There was a great effort to project a very all American atmosphere, people loading their guns ‘nice and easy’ and lots of slow drawling and cowboy type reflexing.  That was about the only annoying thing in the book…I never know whether the attempt from English writers to produce an American atmosphere works with Americans – are the writers relying on TV shorthand from years of US TV fed to us here?  Or have they properly visited America and done their research and actually heard people talk, watched them move?  Not having been myself I often worry at the multitudes of clichés…but I have no idea how many of them may be true to a degree.  I can only go on English TV shorthand about England; and the way Americans do TV shorthand about us – both of these attempts are usually incredibly screwy and I don’t recognise much of an approximation of reality at all.  It looks ok sort of, but it feels wrong, the voices are wrong.  So I worry it’ll be the same for English writers trying to force an American atmosphere…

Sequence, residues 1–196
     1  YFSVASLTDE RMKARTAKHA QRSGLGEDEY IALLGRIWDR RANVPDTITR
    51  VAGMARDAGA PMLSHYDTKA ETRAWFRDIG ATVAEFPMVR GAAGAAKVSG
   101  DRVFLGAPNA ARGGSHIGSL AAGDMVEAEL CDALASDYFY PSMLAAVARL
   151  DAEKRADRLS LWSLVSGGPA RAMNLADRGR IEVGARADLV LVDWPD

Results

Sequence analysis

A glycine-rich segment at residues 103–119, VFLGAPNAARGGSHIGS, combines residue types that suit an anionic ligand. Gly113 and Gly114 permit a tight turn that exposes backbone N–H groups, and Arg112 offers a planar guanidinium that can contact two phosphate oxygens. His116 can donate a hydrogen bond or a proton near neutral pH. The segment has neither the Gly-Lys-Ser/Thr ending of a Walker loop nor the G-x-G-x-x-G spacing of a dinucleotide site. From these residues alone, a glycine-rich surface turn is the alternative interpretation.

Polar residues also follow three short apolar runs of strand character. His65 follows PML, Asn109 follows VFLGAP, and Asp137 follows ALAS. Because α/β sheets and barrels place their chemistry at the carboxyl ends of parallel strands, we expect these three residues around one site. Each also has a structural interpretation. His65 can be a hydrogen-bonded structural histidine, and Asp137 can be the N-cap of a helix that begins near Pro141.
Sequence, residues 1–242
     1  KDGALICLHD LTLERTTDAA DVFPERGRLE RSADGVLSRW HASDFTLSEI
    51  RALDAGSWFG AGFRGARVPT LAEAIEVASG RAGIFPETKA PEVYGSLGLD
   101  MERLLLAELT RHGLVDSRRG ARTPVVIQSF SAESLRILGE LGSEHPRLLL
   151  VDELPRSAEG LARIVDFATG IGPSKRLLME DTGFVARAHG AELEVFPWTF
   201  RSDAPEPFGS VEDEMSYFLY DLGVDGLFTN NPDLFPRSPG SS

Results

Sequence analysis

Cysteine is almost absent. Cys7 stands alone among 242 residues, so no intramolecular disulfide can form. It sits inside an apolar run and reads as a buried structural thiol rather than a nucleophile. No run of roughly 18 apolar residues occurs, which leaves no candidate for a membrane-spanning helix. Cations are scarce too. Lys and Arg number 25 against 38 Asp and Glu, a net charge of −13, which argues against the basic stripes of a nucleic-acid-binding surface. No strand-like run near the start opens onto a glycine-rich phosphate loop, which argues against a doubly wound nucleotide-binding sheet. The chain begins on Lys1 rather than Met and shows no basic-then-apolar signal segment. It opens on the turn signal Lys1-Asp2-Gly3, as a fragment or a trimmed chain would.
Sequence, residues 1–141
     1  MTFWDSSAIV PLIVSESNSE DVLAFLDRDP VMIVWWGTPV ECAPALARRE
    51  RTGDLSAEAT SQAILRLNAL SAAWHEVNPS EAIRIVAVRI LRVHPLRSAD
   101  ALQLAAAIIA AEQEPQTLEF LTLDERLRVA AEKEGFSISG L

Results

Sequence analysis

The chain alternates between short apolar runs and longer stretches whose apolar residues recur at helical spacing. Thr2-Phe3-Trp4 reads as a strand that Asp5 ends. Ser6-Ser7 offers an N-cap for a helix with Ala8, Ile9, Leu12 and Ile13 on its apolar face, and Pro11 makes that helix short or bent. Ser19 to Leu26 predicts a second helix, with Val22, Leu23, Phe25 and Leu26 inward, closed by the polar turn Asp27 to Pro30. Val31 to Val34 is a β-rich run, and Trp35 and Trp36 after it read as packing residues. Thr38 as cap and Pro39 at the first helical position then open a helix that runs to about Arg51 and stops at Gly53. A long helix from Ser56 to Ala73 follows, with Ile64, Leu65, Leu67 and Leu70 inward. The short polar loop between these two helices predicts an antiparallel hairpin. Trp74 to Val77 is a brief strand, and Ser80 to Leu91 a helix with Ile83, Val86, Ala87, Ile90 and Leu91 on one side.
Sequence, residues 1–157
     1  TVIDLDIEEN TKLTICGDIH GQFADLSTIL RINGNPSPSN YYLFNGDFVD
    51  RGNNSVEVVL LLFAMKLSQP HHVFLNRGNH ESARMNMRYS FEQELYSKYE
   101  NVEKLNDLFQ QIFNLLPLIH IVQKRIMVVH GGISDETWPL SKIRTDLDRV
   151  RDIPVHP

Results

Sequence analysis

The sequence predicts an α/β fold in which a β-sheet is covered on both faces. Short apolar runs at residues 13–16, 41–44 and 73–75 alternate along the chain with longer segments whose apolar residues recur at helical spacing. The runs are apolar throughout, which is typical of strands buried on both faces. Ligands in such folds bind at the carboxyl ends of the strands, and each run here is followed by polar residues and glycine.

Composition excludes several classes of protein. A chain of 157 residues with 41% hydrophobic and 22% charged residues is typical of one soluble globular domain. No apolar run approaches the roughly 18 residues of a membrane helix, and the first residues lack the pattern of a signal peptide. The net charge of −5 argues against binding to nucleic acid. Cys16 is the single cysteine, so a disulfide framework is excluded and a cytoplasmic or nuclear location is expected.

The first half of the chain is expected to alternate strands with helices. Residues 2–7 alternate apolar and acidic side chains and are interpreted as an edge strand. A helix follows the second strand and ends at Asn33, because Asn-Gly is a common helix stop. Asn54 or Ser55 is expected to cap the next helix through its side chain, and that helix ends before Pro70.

The Doctor was done extremely well, I heard him talk in my head as I read the …script I keep wanting to say, it was that cinematic; and I enjoyed Leela: I always enjoy Leela [‘I can’t hit a woman’.  ‘Then that is your weakness.’  Exit man, clutching gonads.  Go Leela!].  Adored the bit where the Dr told her at the end to leave behind the gun she had been holding a fair while: ‘they can be habit-forming, put it down, there’s a good girl’ – that was delivered very well indeed; it felt very much like Tom Baker.  ACTUAL BOOK.)

No comments:

Post a Comment